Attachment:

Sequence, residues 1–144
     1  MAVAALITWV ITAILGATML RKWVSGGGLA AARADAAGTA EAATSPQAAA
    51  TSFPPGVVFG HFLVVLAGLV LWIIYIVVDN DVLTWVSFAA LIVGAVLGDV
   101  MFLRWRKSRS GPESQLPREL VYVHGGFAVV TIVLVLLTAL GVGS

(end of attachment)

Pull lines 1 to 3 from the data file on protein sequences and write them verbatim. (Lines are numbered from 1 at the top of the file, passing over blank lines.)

Sequence, residues 1–144
     1  MAVAALITWV ITAILGATML RKWVSGGGLA AARADAAGTA EAATSPQAAA
    51  TSFPPGVVFG HFLVVLAGLV LWIIYIVVDN DVLTWVSFAA LIVGAVLGDV